Where can people view available products?
At this time products are available via our Shopify e-commerce site artondeck.com, and our vendor booth at some festivals in Toronto during the summer months.  In 2022 we participated in Summerfest on Eglinton Ave. West, and the Taste of the Kingsway festival in September.   My store offers free shipping with a minimum $80 spend, and quick delivery within the Greater Toronto Area within 1-2 days. My eventual goal is to open physical gallery and skate shop in the west end of Toronto, where I can display in real life, the art and skateboard designs carried in my online shop.

What does skateboarding mean to you?
Skateboarding has always been a huge part of my life from the time when I was a teenager in the 90’s, when my dad brought home a used Santa Cruz Jeff Grosso Acid Tongue skateboard with Independent Trucks and Santa Cruz Bullet 66 wheels.  A co-op student my dad was working with heard I was into skateboarding and decided to give me his Grosso skateboard since he was upgrading to a new one anyways.  Before then I was riding low quality department store Valterra and Dominion skateboards, so having a real pro complete was a dream come true!

As a teenager skateboarding offered me the freedom and independence to progress and challenge myself at my own pace, whenever I wanted.  Unlike organized team sports, my skateboard was always available, and I didn’t have to rely on competing with anyone but myself to improve.   This meant I could do as much or as little as I wanted and take calculated risks as I progressed.   Being around friends who enjoyed skateboarding as much as me felt liberating, like I belonged.  It didn’t matter if some were better at doing tricks than others – we all just wanted to hang out and have fun.

Skateboarding to me, means having the freedom to do what you want, but in a respectful way.  It means respecting property, resources, and people in public and private spaces. It means being an ambassador for the sport in a healthy and constructive way through positive and helpful actions and words.  It means standing up to ignorance from those who judge skateboarding negatively – but doing so in a tolerant and understanding way – one that recognizes all stereotypes can be broken through education and conversation.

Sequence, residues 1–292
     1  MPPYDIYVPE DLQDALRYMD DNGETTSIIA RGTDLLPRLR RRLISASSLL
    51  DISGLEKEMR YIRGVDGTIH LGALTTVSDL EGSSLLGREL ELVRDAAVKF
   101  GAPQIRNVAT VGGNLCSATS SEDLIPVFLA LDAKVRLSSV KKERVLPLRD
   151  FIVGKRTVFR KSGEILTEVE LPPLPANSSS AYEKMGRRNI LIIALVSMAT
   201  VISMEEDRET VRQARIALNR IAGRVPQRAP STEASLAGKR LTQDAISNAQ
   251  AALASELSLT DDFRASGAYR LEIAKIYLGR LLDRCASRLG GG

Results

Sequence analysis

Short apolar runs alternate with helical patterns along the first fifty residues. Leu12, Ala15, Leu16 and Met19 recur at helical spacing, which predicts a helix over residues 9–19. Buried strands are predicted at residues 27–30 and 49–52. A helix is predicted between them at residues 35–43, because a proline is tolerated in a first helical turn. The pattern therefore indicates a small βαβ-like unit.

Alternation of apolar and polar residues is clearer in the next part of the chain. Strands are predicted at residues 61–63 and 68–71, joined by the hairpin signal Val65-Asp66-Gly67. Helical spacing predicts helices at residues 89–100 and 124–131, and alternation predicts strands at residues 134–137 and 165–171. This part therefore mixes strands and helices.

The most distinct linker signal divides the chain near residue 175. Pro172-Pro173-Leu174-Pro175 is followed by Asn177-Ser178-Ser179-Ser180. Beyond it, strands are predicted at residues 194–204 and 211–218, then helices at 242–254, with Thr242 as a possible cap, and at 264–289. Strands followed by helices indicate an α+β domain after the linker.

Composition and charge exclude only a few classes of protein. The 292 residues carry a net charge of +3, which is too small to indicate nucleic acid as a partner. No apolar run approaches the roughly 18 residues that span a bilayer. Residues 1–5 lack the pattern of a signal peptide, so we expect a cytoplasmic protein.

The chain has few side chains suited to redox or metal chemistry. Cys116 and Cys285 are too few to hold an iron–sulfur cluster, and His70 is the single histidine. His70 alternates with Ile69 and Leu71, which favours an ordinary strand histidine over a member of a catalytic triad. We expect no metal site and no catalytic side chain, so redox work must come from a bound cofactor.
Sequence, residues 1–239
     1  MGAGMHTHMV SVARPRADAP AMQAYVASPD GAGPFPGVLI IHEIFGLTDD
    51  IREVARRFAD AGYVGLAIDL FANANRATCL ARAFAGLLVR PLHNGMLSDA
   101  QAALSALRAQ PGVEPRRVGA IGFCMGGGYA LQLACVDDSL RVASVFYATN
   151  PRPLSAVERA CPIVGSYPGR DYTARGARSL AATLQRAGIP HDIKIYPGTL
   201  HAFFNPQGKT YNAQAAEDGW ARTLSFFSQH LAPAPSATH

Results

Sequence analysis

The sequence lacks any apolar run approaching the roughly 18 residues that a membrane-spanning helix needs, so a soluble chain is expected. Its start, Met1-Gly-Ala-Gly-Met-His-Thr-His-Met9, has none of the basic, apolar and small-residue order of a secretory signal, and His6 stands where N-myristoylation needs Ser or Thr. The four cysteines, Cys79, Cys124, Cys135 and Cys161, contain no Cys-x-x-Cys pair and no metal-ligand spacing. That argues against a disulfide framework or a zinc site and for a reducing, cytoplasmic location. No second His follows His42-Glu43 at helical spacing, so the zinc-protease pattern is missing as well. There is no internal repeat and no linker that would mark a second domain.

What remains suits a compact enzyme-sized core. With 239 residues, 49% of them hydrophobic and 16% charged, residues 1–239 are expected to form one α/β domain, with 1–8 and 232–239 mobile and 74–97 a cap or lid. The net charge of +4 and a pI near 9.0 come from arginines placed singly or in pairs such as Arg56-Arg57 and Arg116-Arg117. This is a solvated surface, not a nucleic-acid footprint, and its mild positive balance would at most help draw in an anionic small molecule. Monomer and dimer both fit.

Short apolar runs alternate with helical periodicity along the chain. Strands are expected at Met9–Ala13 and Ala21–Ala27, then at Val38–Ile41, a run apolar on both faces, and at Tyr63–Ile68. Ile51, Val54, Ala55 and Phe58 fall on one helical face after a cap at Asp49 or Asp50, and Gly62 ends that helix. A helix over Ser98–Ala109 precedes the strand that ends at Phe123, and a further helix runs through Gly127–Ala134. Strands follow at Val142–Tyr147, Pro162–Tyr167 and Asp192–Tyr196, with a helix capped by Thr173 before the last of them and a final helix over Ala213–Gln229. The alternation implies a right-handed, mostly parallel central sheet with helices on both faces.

What is your favorite part of owning a Skateshop?
There are so many things that come to mind – money is not one of them. My favorite part of owning a Skateshop is the human connection.  I love connecting with customers and seeing their happiness when they get a new skateboard. I also love meeting, collaborating, and working with business owners, artists, skateboarders, and anyone who shares an interest or passion for art, skateboarding or both!

How do you work with Canadian brands and artists?
The skateboarding industry is huge in the USA, and let’s face it, most of the famous and well-known brands come from the USA – however Canada has a lot of amazing brands and I thought it would be great to showcase them together and help market them across my community, North America and Internationally. I think it’s important for the world, and especially for Canadians, to be aware of the influential and impactful brands and artists from Canada. Ultimately, I want to help promote and support talented artists, and skate brand owners who make up the core fabric of Canadian skateboarding culture